Archive for January, 2011

I became a geology major because i wanted to be able to be outdoors working and seeing and learning about different things every day. I always told my self that i never wanted to get stuck behind a desk all day which is why i believed geology to be a good way to avoid that. What i like most about geology is how different rock outcrops you see everyday has a history about them and now after 3 years of being a geology major i can tell what kind of rocks they are composed of, how they were deposited, and possibly determining what time period they were formed. Glaciers and oceanography have also sparked an interest in my years of being a geology major.


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Yellowstone Volcano Bulging

Many people see Yellowstone National Park as a very quite peaceful place.  This is true for what lies on the surface, but underneath the ground dwells a silent monster.  The volcanic activity in the park can be seen all over in its many hot springs, geysers, and mud pits.  With the crust bulging around the volcanoes caldera, this could be a sign that Yellowstone’s volcano could be due to erupt.  The magma below the surface has become a ticking time bomb, that when it does go off, could be a very catastrophic event.

view the link:     http://news.nationalgeographic.com/news/2011/01/110119-yellowstone-park-supervolcano-eruption-magma-science/




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Bahamas Blue Holes

After reading an article on the Blue Holes of the Bahamas, I became fascinated with these underwater caverns. They were formed during a sea level recession that uncovered much of the Bahamian carbonate platform. Once exposed to the atmosphere, the limestone began to weather and erode, forming caves. When sea level rose, the cave systems were submerged. Only within the past century were these caves explored and documented.

The following is a link to the the article.

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So, we all know wine to be that alcoholic beverage that comes from crushing grapes. But after reading an article on what is said to be the world’s oldest winery, I never thought much about the history of wine. It was just recently announced that what is believed to be the oldest winery was brought back to light by archeologists from the University of California. It is all unfolding in a cave complex in Armenia. This site is dated back 6,100 years ago during the Copper Age. This was a time where the culture of humans was developing with early metal and stone tools. Many of the tools, including the jars to store the wine and carved animal horns to drink from, were found in this cave when the team began their digging. In addition, at least eight bodies have been found at this location. More in depth information, along with a descriptive news video, can be found at the following site:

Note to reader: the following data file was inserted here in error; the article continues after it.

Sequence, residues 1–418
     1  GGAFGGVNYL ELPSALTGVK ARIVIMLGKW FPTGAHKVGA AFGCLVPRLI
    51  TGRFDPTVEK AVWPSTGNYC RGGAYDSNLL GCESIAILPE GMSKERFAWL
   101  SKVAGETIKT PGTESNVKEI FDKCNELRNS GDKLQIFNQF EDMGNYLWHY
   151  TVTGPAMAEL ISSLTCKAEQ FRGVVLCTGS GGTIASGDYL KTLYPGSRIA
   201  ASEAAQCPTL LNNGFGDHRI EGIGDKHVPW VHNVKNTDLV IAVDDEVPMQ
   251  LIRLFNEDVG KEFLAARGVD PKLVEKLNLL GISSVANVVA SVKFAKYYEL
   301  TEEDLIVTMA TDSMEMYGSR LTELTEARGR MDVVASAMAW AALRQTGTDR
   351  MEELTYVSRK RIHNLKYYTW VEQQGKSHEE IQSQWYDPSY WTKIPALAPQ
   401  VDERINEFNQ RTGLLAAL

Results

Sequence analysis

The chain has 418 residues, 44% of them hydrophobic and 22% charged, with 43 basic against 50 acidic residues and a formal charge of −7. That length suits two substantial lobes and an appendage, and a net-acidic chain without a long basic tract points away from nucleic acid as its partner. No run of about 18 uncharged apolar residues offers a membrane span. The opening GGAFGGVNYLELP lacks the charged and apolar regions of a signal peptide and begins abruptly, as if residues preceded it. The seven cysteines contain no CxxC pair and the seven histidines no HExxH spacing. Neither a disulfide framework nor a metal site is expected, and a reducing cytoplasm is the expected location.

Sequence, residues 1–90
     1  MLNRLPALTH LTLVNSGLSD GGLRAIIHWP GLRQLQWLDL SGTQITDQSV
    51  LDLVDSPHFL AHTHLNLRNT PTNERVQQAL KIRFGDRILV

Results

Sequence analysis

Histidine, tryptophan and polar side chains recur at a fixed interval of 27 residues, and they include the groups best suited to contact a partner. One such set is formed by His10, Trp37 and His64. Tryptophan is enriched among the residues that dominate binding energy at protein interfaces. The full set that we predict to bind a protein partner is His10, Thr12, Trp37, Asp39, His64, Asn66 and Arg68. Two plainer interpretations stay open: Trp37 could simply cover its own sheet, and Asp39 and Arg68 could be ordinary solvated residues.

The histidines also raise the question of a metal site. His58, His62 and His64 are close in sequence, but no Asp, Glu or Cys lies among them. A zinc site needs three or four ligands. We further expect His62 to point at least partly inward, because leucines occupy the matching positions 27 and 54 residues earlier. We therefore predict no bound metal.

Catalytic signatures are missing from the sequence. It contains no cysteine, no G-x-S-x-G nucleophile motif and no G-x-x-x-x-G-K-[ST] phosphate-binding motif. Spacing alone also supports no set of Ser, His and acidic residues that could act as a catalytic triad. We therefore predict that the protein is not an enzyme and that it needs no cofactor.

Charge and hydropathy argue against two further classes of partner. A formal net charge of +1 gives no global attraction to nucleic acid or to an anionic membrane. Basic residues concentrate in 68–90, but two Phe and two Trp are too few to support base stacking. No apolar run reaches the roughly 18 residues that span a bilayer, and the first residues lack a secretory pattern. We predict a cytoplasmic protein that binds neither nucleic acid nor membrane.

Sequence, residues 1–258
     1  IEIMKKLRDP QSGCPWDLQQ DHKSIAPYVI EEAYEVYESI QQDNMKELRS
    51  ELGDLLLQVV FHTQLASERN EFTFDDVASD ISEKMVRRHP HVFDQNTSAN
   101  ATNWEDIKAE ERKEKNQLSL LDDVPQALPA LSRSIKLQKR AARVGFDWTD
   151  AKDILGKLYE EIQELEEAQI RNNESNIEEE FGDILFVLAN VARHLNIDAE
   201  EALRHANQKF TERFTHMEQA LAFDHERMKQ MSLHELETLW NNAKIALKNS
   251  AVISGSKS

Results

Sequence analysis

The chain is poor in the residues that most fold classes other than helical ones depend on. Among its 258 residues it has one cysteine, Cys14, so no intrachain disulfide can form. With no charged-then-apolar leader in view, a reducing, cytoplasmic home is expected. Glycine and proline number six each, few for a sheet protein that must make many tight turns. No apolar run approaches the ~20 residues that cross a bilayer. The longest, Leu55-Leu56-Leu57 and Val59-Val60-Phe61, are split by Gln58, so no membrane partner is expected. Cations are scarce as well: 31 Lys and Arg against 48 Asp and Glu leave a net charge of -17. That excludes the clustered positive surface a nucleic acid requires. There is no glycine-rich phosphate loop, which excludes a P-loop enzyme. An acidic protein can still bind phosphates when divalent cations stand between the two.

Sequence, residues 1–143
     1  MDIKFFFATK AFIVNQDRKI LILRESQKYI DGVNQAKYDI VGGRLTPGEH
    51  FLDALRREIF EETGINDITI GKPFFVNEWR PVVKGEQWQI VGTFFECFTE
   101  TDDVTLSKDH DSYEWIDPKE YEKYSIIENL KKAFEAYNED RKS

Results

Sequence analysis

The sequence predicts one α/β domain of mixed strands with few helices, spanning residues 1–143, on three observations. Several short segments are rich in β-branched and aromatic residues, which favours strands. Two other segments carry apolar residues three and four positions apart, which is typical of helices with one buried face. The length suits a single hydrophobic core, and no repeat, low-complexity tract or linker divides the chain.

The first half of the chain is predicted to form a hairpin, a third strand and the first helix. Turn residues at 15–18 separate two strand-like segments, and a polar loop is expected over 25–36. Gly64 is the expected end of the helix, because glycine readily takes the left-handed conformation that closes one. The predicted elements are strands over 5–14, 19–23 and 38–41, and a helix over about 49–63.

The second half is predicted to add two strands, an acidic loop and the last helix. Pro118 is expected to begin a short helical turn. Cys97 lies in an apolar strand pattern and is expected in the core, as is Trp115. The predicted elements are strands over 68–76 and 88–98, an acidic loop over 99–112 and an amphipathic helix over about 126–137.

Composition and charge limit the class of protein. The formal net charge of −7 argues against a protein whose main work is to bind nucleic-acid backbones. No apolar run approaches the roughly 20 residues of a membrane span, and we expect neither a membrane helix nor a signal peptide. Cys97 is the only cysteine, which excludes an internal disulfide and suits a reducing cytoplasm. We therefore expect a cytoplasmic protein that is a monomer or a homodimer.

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Our geology class at UPJ is planning a spring break trip to the Smoky Mountains via the Blue Ridge Parkway and the Outer Banks of North Carolina.  We want to see as much geology as possible.  Does anyone have any recommendations for places to see or travel tips for us?  We’re going from March 5 to 13 and leaving from Johnstown, PA.

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Near the huge Martian volcano Olympus Mons may bear evidence of recent plate tectonic activity on Mars, new research suggests.  The many ridges and scarps on the rumpled apron of land north and west of Olympus Mons are likely signs of tectonic thrusting, according to the study.  This activity could be very recent — within the last 250,000 years or so.  We know that Earth’s surface has been shaped over the eons by giant crustal plates that pull apart, smash together and dive under one another.  An Yin (of UCLA) thinks he has found solid evidence that plate tectonics carved out many of the landforms we now see on Mars, and may still be shaping the planet today.  If true, Mars would be a better candidate for extraterrestrial life than scientists have thought. Plate tectonics could help replenish nutrients needed for life, for example, bringing carbon and other substances from the Martian interior up to the surface.  Yin thinks Martian plates were moving and grinding perhaps within the last 250,000 years, and even may be at it today.

The article is found at:



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This volcano has been erupting since 1998 and continues to have disruption in the area. There are lava flows and ash clouds covering the area, and the volcano dome is increasing by 7,000 cubic feet per day. The volcano is the most active in Mexico and has been active since the 1800’s.



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